On June 7, 2004, Judge Chin conducted the arbitration hearing in accordance with the terms of the Stipulation.   On June 14, 2004, Judge Chin rendered his final decision in which he ruled that “Railworks shall recover from [Villafane] a total of $295,594 ․ and [Villafane] shall recover nothing from Railworks․” After the award was rendered, Railworks unsuccessfully attempted to collect payment from Villafane.   Recognizing that its efforts were futile, Railworks determined to have Judge Chin's award confirmed in state court.   Railworks sent a letter to Judge Chin advising him that although the arbitration award was signed by him, it was not affirmed, as is required under C.P.L.R. § 7507.   The letter requested Judge Chin to sign and affirm the award so that Railworks could submit a petition to confirm the award in state court.   On June 29, 2004, Judge Chin signed the requested affirmation stating that his June 14 decision constituted his “final and binding Award in this proceeding”.   Railworks subsequently brought the instant application to confirm the award.

C.P.L.R. § 7501 provides that a written agreement to submit an existing controversy to arbitration is enforceable, and C.P.L.R. § 7510 states that the court shall confirm an arbitration award unless the award is vacated or modified.   Here, there is no question that the parties' Stipulation was a written agreement to submit their existing controversy to Judge Chin for determination.   Villafane argues, however, that the Stipulation was not an agreement to arbitrate the underlying dispute, but rather was merely an agreement to have Judge Chin decide the matters in dispute according to abbreviated submission and hearing procedures.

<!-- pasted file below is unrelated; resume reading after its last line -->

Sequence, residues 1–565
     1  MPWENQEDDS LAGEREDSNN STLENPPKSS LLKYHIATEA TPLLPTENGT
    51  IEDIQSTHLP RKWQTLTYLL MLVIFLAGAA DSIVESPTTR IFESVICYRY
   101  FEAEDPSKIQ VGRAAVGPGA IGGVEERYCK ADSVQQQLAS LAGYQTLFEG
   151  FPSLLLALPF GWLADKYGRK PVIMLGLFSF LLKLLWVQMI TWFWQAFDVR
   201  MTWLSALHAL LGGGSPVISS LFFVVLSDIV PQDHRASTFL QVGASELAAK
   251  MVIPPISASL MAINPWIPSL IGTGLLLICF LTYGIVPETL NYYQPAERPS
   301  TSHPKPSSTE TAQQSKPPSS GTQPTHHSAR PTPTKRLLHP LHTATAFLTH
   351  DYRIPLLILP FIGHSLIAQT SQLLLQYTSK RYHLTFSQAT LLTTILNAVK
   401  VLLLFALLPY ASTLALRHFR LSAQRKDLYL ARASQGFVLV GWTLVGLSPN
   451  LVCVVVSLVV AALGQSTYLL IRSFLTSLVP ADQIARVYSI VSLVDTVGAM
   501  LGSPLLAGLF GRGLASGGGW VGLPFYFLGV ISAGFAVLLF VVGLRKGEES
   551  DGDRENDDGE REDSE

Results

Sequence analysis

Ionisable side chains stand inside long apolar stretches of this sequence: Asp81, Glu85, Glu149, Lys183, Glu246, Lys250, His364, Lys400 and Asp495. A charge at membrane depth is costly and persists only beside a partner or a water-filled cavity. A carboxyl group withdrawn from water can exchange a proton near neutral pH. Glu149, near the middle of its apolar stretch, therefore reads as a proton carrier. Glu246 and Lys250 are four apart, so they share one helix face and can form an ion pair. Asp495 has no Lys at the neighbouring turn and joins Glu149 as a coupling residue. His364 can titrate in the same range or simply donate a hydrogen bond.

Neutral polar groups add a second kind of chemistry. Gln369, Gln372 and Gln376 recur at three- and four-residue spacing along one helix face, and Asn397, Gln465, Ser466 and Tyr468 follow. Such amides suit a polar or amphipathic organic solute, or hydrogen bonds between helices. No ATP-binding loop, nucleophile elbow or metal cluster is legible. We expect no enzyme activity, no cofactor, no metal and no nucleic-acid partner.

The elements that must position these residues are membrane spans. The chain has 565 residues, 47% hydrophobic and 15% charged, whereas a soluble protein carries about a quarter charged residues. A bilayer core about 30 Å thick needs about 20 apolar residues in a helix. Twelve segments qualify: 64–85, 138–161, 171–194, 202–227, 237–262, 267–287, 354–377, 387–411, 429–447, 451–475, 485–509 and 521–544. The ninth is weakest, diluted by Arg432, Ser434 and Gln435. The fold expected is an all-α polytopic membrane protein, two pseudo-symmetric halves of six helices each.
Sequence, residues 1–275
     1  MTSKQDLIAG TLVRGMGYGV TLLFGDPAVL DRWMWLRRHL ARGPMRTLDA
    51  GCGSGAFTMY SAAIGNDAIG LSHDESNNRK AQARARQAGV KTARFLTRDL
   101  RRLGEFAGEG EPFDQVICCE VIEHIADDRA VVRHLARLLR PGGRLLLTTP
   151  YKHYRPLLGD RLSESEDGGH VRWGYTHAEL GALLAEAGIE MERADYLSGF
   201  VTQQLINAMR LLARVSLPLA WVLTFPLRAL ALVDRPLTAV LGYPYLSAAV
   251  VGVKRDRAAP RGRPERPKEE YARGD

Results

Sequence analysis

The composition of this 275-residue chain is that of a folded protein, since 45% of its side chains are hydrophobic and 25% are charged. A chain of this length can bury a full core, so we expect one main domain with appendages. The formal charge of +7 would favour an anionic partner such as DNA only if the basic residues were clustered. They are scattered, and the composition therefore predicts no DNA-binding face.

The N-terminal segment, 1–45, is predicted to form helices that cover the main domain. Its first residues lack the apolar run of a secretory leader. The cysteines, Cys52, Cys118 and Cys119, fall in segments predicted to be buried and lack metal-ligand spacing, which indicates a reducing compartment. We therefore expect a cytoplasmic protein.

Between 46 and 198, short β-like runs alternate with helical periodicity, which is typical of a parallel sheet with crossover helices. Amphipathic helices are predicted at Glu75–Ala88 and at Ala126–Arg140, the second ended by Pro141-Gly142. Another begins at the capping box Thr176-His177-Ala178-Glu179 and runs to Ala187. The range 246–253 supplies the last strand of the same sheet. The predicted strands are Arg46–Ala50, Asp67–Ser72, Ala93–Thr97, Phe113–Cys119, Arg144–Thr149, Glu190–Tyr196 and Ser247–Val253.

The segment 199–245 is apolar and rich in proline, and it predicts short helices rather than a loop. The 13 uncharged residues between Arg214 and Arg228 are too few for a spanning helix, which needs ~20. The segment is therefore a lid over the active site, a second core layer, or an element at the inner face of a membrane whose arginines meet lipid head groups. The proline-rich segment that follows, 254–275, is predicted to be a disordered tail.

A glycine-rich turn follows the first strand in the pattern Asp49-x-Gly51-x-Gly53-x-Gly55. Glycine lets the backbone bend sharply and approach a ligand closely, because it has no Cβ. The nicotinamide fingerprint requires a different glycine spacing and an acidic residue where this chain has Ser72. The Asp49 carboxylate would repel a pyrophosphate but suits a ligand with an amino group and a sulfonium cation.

It is well-settled that an agreement to arbitrate requires a clear and unequivocal manifestation of an intention to arbitrate.  Mionis v. Bank Julius Baer & Co., 301 A.D.2d 104, 749 N.Y.S.2d 497 (1st Dept.2002).   The reason for this requirement is because by agreeing to arbitrate a dispute, a party waives “many of his normal rights under the procedural and substantive law”, Marlene Industries Corp. v. Carnac Textiles, Inc., 45 N.Y.2d 327, 408 N.Y.S.2d 410, 380 N.E.2d 239 (1978), and “surrender[s] the right to resort to the courts.”  Waldron v. Goddess, 61 N.Y.2d 181, 473 N.Y.S.2d 136, 461 N.E.2d 273 (1984).   However, “no particular wording is required to constitute a valid, binding arbitration agreement, nor even the inclusion of the words ‘arbitrate’ or ‘arbitrator’ ”.  Lovisa Construction Company v. County of Suffolk, 108 A.D.2d 791, 485 N.Y.S.2d 309 (2d Dept.1985);  see also Hub Industries, Inc. v. George Manufacturing Corp., 183 Misc. 767, 54 N.Y.S.2d 106 (Sup.Ct. Queens Cty.1944) (no particular form of words necessary to the making of a valid agreement to arbitrate).